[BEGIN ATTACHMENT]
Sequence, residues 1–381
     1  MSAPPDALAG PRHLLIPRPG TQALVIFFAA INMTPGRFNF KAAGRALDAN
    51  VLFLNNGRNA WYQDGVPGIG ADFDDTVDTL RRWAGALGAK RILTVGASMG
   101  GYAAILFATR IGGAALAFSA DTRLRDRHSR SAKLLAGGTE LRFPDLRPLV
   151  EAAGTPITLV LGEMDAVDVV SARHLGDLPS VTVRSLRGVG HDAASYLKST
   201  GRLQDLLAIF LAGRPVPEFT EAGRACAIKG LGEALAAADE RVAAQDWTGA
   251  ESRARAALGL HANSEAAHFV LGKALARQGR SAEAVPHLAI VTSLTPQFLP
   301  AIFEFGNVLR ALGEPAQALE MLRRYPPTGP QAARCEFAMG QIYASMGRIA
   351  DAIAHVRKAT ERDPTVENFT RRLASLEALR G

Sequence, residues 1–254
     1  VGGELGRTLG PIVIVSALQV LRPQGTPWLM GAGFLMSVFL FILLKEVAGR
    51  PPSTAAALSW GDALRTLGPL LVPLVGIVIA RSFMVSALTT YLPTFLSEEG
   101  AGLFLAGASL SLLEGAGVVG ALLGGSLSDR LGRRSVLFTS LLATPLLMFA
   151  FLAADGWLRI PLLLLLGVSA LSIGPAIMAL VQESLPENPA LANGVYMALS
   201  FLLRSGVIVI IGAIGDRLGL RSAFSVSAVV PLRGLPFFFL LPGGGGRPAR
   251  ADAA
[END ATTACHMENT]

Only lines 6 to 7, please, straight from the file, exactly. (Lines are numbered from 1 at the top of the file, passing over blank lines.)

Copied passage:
   201  GRLQDLLAIF LAGRPVPEFT EAGRACAIKG LGEALAAADE RVAAQDWTGA
   251  ESRARAALGL HANSEAAHFV LGKALARQGR SAEAVPHLAI VTSLTPQFLP